They passed out a few DVDs on the 3520b, and I obtained one. One of the procedures they show on the DVD is how to adjust the retaining nut on bearings in the headstock. After your lathe gets 1,000 hours of usage you may want to check and potentially adjust yours. I have already done this procedure about 6 months ago.

    The potentiometer on the headstock - which is used to change the lathe speed (i.e. 0-1200 RPMs) will fail at some point. The product director was impressed that mine lasted this long (2,200 hours -2,600 hours usage). He indicated that accumulated dust usually causes them to fail at some point.

    In summary, the symposium is a great place to get exposure to vendors. The WMH tools folks were very courteous and knowledgeable about their product. It was fun talking directly to the folks who are representing their product. There were other new/modified products at the symposium. But I wanted to focus this thread on the 3520b features. If you have any questions I'll try to answer them.

    After typing all this I realize that I am now officially a turning geek. The words "quill" and "sheave" are now just part of my vocabulary and it is doubtful that I can ever escape the woodturning vortex at this point. :cool2:
     

    Attached Files:

  2. Jeff Jilg

    Jeff Jilg

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    last pic for the PM3520b review/discussion thread.
     

    Attached Files:

  3. drjcbarton

    drjcbarton

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    Hi Jeff,

    Great post and great pictures. As a PM3520a owner (for about 2 months) I am a little disappointed because I contacted WMH group (which happen to be 30 minutes down the road from me) to inquire about the "b" model and was given some corporate hogwash about it being in the distant future. On the other hand, I bought my "a" model from Joe Osolnik and got a superb deal and every accessory in the known universe and came very close to beating the street price done in such impressive graphics on the model in your pictures. Seeing what the updates are to the "b" also takes away some of the sting. I use the flat naked top of mine for a magnetic light that is perfect for my needs and the remainder of the changes are either addressed by my accessories or, so trivial that they are unimportant.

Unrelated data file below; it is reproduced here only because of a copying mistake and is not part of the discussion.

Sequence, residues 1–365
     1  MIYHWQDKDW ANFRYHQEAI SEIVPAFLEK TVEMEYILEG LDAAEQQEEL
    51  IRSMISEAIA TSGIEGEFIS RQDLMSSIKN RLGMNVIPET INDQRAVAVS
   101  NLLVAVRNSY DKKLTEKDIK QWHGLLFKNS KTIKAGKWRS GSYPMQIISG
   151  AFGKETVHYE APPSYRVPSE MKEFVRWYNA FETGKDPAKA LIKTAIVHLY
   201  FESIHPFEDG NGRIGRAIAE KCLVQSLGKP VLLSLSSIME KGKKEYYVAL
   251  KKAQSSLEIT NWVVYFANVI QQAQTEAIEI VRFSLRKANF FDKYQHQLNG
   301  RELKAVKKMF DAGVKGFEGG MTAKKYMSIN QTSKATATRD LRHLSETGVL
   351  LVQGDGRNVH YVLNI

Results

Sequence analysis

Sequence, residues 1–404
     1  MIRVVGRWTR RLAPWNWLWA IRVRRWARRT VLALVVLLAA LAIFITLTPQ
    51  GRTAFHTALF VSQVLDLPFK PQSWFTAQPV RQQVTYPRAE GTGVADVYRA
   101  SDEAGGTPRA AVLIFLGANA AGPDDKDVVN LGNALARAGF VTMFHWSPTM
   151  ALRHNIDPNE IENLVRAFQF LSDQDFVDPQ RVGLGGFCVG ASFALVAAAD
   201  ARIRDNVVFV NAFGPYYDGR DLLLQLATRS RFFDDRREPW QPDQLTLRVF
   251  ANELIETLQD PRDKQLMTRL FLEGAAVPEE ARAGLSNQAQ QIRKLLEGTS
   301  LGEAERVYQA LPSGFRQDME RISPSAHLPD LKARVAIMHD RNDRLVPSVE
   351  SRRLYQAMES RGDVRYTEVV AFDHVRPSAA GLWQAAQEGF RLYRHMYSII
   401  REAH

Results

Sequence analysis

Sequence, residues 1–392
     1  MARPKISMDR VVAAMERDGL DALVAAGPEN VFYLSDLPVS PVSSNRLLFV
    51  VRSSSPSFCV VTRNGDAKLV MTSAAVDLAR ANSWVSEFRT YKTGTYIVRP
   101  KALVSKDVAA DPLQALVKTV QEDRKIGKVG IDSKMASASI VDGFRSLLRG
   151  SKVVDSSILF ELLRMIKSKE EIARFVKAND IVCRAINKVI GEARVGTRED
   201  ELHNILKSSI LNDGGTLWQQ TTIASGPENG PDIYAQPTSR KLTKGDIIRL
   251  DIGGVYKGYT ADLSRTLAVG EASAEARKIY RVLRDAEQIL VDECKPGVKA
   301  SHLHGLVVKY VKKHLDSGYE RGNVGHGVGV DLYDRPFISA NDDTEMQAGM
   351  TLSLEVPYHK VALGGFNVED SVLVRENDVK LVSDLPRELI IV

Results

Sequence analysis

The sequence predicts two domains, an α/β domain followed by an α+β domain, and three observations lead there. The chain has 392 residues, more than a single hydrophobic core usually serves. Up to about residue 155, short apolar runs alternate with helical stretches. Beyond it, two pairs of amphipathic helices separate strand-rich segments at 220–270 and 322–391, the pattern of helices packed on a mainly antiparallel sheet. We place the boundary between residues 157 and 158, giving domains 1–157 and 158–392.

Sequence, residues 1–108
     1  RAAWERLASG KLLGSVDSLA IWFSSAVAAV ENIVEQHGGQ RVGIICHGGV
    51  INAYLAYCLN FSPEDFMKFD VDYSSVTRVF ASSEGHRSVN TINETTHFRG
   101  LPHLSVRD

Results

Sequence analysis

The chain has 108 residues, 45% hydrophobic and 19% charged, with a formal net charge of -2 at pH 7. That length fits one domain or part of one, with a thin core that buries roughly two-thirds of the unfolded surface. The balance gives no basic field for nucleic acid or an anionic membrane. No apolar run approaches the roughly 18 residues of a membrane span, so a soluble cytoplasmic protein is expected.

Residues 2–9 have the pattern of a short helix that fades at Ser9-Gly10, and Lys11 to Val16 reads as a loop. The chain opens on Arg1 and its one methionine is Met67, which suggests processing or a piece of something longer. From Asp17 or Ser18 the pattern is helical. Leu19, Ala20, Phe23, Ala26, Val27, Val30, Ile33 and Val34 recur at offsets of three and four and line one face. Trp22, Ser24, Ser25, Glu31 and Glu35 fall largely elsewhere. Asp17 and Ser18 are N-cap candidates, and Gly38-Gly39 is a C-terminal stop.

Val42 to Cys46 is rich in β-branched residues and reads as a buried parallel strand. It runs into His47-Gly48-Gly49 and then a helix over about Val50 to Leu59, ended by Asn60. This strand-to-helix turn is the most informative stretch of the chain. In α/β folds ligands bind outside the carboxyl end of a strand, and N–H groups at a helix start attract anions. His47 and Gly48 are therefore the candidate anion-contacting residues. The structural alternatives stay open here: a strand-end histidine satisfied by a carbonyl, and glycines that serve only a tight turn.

Thanks Again!

    Chris
     
  4. Ron Sardo

    Ron Sardo Guest

    Thanks Jeff

    Is this a prototype, if not, did they say when it will be ready for market?
     
  5. Jeff Jilg

    Jeff Jilg

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    Chris - I somewhat agree. But I've been in the marketing world, and it's best to promise something will come later then deliver it sooner.....than it is to promise it will come soon and be late in the delivery.

    Ron - they said it's pretty much ready for the market. They will sell of existing stock and then start selling the 3520b. We really didn't have a lot of discussion about how they would move the product. The unit on the showroom was ready for prime time and not jury rigged. It's not clear they have the factory setup for all the changes. Maybe it would be good to poll WMH directly.
     
  6. Jake Debski

    Jake Debski

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    thanks for the review

    Jeff,

    Am I wrong, it looks as though they offset the tool post on the banjo? We'll have to wait to see if that becomes a plus or minus. Also by moving the spindle lock more to to the rear of the head stock it seems to add to problem of manually holding the spindle locking button. I was sure that would have been one of the design changes. All in all the other changes will probably be welcomed by future buyers.
     
  7. Jeff Jilg

    Jeff Jilg

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    Jake - holy smokes, I hadn't even realized they offset the toolpost. You're right, it is offset. That might be useful in some situations.

    I don't think any experienced turner will be happy with the spindle lock situation until they engineer it to allow for a no-hands locked position.

    Item M:
    Another item I should have discussed in the review was the reason for the redesigned locks in item #M. Those locks allow both the headstock and tailstock to slide partially off the bed before the "lock" engages with the bottom locking block on the bottom of the headstock or tailstock. As a result this can potentially increase the useful length of the lathe.